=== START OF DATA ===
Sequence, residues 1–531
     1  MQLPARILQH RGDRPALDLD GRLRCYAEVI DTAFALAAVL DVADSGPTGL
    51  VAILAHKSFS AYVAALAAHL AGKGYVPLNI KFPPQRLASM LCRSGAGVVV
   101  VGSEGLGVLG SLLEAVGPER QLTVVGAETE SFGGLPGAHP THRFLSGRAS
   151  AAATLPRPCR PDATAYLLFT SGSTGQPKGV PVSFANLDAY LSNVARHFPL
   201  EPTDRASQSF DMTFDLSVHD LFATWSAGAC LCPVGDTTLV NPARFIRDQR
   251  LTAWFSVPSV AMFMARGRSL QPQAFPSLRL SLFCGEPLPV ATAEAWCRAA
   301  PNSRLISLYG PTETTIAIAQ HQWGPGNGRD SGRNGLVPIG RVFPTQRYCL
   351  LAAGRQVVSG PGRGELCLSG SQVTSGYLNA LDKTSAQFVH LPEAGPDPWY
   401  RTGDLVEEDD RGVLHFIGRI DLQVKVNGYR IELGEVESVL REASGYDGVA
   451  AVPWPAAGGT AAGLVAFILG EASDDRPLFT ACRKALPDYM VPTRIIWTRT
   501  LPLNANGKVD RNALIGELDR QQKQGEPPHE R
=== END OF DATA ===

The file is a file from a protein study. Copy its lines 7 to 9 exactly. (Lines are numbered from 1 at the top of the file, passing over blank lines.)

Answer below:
   251  LTAWFSVPSV AMFMARGRSL QPQAFPSLRL SLFCGEPLPV ATAEAWCRAA
   301  PNSRLISLYG PTETTIAIAQ HQWGPGNGRD SGRNGLVPIG RVFPTQRYCL
   351  LAAGRQVVSG PGRGELCLSG SQVTSGYLNA LDKTSAQFVH LPEAGPDPWY